We know that giving birth is a difficult process. But what is the limit to this process?
Assume that you have thousands of children with whom you could run your small town. That’s what the family of Moulay Ismail was like. He was a brutal emperor of the Moroccan Alaouite dynasty from 1672 to 1727. And it is reported that he had at least 1,171 children!
But he’s not the only one who had sex with hundreds of women. Other rulers, such as Augustus the Strong and Genghis Khan, had several wives and hundreds of women in their harem as well. Even though these were some of the most ruthless rulers of their time, it raises a more fundamental, scientific question. How many children can a human being have?
The limit for women
Childbirth is one of the most demanding and challenging stages in a woman’s life that can cause both mental and physical changes. On an average, girls usually begin menstruating at the age of 13, and this lasts until they reach the age of 51, which gives 38 years of reproductive activity. However, considering that any delivery takes nine months, a cap of around 40 pregnancies seems possible. These are only mathematically viable pregnancies and might not be safe.
For one thing, this means that the woman does not have time to heal or make up for the lack of iron and folic acid after childbirth. What lacks in this equation is the trauma to which a body is subjected every time you have a child. Multiple pregnancies can be life-threatening, and with any pregnancy, the mother’s risk of dying rises. After the first pregnancy, the risk of premature birth means that the child’s organs are not fully developed, leading to physical disabilities. Physicians claim that after five vaginal deliveries or even three C-sections, the woman’s body becomes fragile.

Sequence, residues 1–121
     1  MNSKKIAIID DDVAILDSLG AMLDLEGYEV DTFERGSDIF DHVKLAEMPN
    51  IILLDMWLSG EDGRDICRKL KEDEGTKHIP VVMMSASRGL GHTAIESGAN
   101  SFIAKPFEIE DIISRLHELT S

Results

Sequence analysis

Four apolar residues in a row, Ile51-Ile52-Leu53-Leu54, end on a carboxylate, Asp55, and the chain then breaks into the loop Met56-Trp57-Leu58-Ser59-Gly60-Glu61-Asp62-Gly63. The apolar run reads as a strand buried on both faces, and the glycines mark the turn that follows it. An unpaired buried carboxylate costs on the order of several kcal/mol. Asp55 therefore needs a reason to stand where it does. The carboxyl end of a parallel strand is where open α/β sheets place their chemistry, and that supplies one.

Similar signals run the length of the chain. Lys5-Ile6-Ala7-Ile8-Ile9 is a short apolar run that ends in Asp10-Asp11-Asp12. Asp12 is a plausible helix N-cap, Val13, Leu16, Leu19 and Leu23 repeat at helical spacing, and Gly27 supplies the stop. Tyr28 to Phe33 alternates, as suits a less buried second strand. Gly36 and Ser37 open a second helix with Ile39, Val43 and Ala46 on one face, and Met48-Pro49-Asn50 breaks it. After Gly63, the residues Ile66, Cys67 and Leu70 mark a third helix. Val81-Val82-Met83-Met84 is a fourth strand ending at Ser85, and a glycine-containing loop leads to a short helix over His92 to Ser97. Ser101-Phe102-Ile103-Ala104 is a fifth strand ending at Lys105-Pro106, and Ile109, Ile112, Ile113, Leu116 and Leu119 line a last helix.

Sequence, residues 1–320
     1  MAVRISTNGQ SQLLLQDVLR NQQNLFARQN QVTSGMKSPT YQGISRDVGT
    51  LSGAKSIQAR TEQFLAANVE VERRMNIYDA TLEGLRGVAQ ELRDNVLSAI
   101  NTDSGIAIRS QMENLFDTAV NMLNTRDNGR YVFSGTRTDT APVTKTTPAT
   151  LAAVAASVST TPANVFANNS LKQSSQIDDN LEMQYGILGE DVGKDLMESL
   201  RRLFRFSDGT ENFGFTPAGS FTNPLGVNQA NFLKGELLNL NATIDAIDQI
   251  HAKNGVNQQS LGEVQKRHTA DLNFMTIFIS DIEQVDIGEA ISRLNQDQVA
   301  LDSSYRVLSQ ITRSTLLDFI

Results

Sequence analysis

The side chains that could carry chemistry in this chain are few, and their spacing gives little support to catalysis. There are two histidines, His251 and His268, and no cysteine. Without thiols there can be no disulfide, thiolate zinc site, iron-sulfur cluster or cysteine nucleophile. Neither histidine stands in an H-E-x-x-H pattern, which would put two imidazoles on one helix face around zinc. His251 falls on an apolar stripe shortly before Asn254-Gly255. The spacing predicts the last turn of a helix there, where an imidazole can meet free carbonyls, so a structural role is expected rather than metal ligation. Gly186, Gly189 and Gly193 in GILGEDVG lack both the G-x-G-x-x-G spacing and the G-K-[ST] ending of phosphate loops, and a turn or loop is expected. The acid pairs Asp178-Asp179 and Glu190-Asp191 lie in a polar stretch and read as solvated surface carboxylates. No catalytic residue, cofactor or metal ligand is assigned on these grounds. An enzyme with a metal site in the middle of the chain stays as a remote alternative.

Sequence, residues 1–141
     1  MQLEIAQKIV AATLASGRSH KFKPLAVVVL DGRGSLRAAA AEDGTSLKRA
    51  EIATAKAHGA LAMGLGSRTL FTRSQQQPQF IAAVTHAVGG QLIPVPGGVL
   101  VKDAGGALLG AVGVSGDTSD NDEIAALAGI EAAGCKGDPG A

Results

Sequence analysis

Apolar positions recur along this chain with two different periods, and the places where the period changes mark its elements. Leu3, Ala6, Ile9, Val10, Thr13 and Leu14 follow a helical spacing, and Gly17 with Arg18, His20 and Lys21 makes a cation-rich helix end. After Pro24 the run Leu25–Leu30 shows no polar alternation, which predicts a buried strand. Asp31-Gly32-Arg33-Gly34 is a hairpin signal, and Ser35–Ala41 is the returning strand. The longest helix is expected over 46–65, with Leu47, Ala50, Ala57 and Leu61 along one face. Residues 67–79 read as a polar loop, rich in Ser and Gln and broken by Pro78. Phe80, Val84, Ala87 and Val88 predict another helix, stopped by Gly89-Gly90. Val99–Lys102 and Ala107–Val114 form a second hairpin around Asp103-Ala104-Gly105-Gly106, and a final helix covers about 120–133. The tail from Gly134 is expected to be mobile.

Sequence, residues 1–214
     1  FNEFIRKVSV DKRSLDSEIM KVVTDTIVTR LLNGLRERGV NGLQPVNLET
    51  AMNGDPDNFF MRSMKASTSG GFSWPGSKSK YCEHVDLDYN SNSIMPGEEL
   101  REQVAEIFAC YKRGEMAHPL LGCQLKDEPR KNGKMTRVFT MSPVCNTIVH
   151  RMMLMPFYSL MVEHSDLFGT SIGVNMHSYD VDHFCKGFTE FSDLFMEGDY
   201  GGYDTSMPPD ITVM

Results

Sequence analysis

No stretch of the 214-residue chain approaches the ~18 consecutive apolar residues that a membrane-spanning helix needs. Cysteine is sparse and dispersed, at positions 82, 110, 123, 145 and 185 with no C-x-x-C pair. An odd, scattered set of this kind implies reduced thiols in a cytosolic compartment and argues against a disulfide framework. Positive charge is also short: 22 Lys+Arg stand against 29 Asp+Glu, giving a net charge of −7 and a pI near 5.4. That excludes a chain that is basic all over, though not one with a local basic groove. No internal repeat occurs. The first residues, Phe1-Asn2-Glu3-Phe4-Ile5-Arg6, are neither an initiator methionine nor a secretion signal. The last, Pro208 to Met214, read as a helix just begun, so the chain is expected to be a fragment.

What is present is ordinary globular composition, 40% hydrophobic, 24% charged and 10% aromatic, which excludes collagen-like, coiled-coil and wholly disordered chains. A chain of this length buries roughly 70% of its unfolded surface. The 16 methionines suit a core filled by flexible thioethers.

Not only that, researchers at Columbia University found that when a woman has given birth more than five times, there is an increased chance of haemorrhage. This is a situation in which, due to multiple births, the woman’s womb becomes inelastic, and her muscle fibres have become weak.
WHO reports that pregnancy and birthing are among the leading causes of death for women in developing countries such as India. And with the Indian population eventually, to reach the 1.7 billion mark by 2050, it is not just a massive burden on a woman but also on resources and the state’s ability to provide necessities.
The limit for men
Counting the best outcomes, a study calculated that in even the most “prolific” fathers today can have up to about 200 children in their lifetime. However, multiple health issues and other factors can lead to fertility problems. The sperm of a man becomes less responsive and more abnormal as he grows older. That ultimately reduces his probability of having children later in life. Studies show that men over 50 have up to a 38% lower risk of impregnating a woman than men under 30.
A study published in the journal Maturitas examined 40 years of research on parental age’s impact on fertility, pregnancy and children’s health. It found that men aged 45 and older may experience decreased fertility. This can also put their partners at risk of increased pregnancy complications such as gestational diabetes, preeclampsia and preterm birth.
Infants born to older fathers were at a higher risk of premature birth, low Apgar ratings, low birth weight, higher frequency of infant seizures and congenital disabilities such as congenital heart defects.
Some extraordinary cases!
In the beginning, we learned that Moulay Ismail had 1,717 children while, Augustus the Strong, who had a long-distance relationship with his wife, fathered 350 children with his mistresses. And Genghis Khan, famous for colonizing vast regions of the 13th century Asia, is estimated to have had between 1,000 and 2,000 children. Scientists estimate that up to 16 million men now living in the regions that Khan conquered could be descendants of him or his close male relatives. Experts calculated this number by tracking Y chromosomes in the area.
According to Guinness World Records Mrs. Feodor Vassilyev in 19th century Russia was the most prolific mother ever. She’s said to have given birth to 69 children over 27 pregnancies.